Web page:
Shades of Deception (Blindsided By Love and Desire, page 1 of 12)


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There was a knock at the door. Marsha had just awakened from a bad dream and could not picture who was visiting her so early in the morning.

At first, she thought it was her husband, but he would have his keys and was not due back from his trip for at least another month. She went to the door; it was the mail carrier. He handed her a certified package that required her signature.

When she opened the envelope, a petition for the dissolution of marriage was enclosed.

She knew the marriage was on shaky grounds but never imagined it would end like this, in such a cold and an impersonal manner. She wondered how Ted, her husband of five years, could have ended their marriage in such a sneaky way.

The ideal wife is how Marsha saw herself, the one who always stood by her husband no matter how bad things got. She supported him financially and emotionally, helped him finance a couple of business ventures and took care of his sisters who gave an entirely new meaning to the word moochers. She had put her needs on hold to help her husband fulfill his, and for all of her sacrifices, this is how he repaid her.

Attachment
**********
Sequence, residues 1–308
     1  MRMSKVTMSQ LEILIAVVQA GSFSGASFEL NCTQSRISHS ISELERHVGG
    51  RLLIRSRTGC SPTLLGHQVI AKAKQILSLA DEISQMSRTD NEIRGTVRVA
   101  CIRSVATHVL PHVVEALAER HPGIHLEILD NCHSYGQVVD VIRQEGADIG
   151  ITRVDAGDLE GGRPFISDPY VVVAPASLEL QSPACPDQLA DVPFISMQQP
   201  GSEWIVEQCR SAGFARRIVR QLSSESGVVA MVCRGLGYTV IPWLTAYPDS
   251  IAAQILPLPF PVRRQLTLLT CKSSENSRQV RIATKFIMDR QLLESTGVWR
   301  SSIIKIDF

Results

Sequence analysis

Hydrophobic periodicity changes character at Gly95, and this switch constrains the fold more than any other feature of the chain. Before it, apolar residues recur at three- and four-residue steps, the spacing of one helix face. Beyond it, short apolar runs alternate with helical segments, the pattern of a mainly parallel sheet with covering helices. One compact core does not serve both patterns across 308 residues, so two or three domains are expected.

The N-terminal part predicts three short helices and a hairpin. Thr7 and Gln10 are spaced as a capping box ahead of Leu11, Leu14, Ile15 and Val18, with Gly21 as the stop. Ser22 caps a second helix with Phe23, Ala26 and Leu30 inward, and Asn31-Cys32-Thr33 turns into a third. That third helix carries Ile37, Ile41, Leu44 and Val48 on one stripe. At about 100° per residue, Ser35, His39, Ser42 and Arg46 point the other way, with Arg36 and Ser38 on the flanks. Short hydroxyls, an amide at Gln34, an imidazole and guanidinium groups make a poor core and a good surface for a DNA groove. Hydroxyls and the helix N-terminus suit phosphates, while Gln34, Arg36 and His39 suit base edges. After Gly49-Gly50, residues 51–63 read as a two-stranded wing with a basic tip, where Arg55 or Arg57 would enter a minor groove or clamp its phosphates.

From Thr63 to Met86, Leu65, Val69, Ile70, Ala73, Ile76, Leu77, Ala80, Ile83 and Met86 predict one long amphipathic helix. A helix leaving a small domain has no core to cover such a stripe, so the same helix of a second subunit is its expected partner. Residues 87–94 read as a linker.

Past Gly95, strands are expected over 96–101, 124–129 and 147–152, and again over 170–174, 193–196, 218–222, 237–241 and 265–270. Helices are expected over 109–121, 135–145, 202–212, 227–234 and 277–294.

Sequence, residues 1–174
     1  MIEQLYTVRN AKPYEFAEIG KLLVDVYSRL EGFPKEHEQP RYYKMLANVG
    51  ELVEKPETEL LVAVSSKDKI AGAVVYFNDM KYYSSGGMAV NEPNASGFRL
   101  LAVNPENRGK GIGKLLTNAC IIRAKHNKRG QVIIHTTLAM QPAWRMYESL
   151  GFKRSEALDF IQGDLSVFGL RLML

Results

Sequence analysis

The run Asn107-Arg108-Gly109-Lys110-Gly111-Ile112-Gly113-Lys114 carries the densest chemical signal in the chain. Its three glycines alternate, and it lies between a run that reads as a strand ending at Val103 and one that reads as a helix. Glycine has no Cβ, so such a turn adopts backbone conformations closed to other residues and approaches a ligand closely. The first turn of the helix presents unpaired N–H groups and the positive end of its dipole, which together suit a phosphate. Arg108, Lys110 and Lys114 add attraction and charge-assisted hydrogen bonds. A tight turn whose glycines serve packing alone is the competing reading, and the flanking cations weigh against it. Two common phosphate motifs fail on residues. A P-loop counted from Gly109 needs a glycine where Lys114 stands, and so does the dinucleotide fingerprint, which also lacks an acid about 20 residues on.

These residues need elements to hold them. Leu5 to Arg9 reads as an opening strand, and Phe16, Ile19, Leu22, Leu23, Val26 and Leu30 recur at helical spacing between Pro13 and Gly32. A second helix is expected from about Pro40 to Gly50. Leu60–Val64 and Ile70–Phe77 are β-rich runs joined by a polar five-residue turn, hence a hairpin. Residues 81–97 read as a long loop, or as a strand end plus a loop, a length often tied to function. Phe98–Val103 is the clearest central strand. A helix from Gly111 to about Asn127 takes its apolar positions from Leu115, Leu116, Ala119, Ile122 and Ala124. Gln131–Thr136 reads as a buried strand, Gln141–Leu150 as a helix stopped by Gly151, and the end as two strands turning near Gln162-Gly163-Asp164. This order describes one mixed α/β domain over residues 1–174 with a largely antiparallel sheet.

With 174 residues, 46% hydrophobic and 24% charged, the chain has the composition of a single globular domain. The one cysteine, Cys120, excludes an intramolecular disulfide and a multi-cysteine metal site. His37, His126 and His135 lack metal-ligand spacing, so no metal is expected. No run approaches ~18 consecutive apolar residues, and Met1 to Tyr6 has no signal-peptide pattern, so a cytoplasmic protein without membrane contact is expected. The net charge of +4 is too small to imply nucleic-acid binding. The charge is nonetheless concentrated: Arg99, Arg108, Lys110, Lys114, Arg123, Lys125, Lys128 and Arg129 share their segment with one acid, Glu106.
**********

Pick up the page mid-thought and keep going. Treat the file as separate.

But if she thought getting those divorce papers was a slap in the face, she was about to be blindsided by events that would place her into financial ruins and leave her parents, friends, and neighbors saying, "We saw it coming."

Marsha met Ted at a singles' dance. She was 24; he was 28. It was definitely love at first sight on her part, but it was never quite clear if he had those same feelings.

She had just graduated from college with a Degree in Accounting. Her goal was to work in her father's firm for a couple of years and then take the New York State Licensing Exam to become a Certified Public Accountant. Those plans never materialized once she got involved with Ted.

Three months later, they eloped to Delaware and tied the knot; it would be several more months before anyone knew they were husband and wife.

Those who knew Ted were wondering how he landed such a classy woman and were starting to question Marsha's state of mind when she married him. After all, she came from a well-to-do family.

Her father had started his own advertising business five years before she was born, and her mother was the publisher and editor of a popular weekly society newspaper.

Marsha went to the finest schools that money could buy. She maintained an A average throughout high school and college and was valedictorian at her college commencement. She and her parents lived in a picturesque mansion in the Stuyvesant Heights section of Brooklyn, New York. Marsha was a beautiful and refined young woman. She was tall, had the air of a monarch and wore designer clothes.

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